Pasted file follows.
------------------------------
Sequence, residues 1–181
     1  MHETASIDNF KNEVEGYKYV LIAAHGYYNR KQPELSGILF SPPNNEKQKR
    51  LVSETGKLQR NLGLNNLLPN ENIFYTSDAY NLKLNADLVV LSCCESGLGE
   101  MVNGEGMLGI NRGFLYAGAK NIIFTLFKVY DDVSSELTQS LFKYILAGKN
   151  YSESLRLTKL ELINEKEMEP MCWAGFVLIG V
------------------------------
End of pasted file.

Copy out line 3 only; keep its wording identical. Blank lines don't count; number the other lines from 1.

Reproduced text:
    51  LVSETGKLQR NLGLNNLLPN ENIFYTSDAY NLKLNADLVV LSCCESGLGE